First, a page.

The world faces significant and immediate questions of what should be done, when, and by whom to address the Russian invasion of Ukraine. Beneath these questions are weighty realities of the history, culture, and religion of the region. This Notæ features several articles from the past month that take a deeper look at what’s behind the current conflict.
“We Have Reached the Hinge of History,” by Ben Rhodes for the Atlantic
Europe’s largest invasion since World War II is a logical outcome of Vladimir Putin’s dominance of Russian politics in the 21st century, a reminder that grievance-based ethno-nationalism and authoritarianism lead inexorably to conflict. Putin’s efforts to reconstitute empire and “protect” Russian speakers beyond national borders tap into currents of history running deep underneath our collective experience. And in many ways, the tolls of the war—cities reduced to rubble, civilians caught amid armies, refugees moving en masse across European borders, threats of nuclear annihilation—recall the circumstances that shocked world powers into creating an international system to prevent another world war. Perhaps it is no coincidence that at precisely the time when living memory of World War II is fading away, humanity has failed to heed the lessons of our worst history.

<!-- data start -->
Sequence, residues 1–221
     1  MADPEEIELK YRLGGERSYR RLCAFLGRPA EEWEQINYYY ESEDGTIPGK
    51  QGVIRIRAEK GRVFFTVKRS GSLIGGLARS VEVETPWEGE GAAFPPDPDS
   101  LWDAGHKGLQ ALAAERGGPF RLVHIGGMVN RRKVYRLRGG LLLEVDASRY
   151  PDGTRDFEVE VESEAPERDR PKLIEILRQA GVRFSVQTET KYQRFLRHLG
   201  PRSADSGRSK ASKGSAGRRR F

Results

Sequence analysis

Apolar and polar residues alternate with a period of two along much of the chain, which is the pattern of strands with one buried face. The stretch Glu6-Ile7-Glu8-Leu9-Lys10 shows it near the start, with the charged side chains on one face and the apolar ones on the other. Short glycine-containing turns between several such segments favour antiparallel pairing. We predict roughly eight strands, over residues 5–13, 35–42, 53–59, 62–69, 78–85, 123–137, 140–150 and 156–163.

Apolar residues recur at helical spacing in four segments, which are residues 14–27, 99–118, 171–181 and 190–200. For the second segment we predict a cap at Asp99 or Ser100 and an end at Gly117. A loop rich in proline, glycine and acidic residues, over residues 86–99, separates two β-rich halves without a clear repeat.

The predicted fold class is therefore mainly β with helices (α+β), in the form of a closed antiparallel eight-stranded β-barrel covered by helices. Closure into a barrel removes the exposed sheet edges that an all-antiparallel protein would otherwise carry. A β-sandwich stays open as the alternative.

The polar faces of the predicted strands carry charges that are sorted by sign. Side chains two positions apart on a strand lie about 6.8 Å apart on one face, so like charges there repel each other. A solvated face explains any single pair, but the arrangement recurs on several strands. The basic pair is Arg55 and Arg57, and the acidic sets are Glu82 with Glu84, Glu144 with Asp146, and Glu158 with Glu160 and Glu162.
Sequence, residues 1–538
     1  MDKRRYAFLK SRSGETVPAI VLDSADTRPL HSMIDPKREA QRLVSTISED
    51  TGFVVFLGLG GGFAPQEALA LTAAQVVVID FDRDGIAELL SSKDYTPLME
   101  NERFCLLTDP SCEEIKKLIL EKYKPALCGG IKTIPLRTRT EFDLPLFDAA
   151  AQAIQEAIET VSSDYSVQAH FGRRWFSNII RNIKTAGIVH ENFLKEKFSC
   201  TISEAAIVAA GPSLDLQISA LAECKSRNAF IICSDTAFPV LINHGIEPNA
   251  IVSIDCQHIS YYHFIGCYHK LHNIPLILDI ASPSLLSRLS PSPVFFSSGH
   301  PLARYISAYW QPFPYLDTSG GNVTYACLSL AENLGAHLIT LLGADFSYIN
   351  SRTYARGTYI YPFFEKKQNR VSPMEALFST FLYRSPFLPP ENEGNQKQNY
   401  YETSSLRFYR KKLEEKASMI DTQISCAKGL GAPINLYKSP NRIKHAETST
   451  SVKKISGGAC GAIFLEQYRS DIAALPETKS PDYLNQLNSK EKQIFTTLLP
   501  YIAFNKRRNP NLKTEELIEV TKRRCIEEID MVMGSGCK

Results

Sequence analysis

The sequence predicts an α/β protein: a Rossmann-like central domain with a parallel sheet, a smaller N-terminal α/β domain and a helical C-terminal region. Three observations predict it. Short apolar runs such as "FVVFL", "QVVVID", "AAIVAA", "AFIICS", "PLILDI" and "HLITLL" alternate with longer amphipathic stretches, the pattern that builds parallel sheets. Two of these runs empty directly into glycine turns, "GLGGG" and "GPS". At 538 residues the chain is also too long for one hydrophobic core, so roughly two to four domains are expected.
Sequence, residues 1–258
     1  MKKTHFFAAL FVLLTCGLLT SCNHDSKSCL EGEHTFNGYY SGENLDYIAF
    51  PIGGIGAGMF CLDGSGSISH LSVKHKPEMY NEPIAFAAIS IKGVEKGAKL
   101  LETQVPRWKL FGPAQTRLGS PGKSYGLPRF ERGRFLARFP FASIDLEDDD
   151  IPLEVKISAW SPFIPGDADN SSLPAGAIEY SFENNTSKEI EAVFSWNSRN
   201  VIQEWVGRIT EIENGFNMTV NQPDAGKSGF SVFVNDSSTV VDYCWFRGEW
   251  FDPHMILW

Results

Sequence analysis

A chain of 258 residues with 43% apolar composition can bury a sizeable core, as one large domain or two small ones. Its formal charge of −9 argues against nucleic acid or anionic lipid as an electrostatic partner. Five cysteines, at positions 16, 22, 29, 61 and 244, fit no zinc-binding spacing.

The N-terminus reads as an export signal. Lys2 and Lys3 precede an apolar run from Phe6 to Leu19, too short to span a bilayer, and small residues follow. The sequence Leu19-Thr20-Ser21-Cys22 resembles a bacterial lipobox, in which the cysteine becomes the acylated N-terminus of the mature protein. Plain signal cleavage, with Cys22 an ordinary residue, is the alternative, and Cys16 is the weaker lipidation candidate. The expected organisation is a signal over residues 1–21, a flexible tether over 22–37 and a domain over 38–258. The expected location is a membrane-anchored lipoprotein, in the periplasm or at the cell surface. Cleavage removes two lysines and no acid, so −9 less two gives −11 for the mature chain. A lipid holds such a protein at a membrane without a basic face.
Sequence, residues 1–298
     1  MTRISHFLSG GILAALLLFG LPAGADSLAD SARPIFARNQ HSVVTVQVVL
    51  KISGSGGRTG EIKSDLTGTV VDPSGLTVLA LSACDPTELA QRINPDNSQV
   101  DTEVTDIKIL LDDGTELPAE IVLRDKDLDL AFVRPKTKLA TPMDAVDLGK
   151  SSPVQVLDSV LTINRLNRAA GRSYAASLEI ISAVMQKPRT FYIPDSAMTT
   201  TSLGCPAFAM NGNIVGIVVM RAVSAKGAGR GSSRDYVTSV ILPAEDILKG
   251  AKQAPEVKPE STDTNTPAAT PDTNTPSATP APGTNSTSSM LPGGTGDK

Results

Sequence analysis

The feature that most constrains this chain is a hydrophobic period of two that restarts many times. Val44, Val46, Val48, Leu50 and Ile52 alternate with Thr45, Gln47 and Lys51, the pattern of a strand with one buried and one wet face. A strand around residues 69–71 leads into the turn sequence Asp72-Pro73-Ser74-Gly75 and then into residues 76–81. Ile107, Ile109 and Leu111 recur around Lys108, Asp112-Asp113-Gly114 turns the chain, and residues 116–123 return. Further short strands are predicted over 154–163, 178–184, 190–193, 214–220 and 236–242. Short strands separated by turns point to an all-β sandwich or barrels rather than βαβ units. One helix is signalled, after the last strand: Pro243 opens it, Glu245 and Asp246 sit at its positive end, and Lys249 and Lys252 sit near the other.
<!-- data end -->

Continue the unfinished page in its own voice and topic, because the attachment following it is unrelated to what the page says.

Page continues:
“The Role of Religion in Russia’s War on Ukraine,” by John P. Burgess for First Things
For more than a decade, Kirill, Patriarch of the Russian Orthodox Church, has promoted the idea of a Russkiy Mir, a Russian World that unites Russian speakers around the globe, especially the peoples of Russia, Belarus, and Ukraine. From one point of view, his assertion is incontrovertible. The Eastern Slavs share an Orthodox culture that goes back more than a millennium—all the way to a.d. 988, when the prince of Rus’ was baptized by Byzantine Orthodox missionaries. Thus was born the vision of Holy Rus’, an Eastern Slavic vision of Christendom in which the divine beauty that illumines the Mother of God also transfigures the natural world and every human relationship. But this common heritage has also become a point of contention.
“Four Maps That Explain the Russian Ukraine Conflict,” by By Laris Karklis and Ruby Mellen in the Washington Post
When clocks strike midnight on Dec. 31, the year 2021 and all it has brought will come to a close, leaving people around the world reflecting on the passage of time. Typically, New Year’s Day is an occasion to consider the past and celebrate the future. We make resolutions. We remember those who have died. We make lists of the traumas and the joys that have impressed themselves upon our lives.
But this year of all years, what does it mean for a year to be new? How do we measure our lives?
“I’m a Cold War Historian. We’re in a Frightening New Era.” by By Mary Elise Sarotte in The New York Times
Keep the airspeed, altitude and course steady: That was the mantra for American pilots who regularly encountered Soviet aircraft during the Cold War. And the Soviets often returned the favor …. Even though they were adversaries, the Soviet and American pilots abided by a tacit code of conduct, rooted in patterns of predictable behavior. At the end of the day, everyone got home safely.
I’ve been thinking a lot about this code as I watch the war unfolding in Ukraine.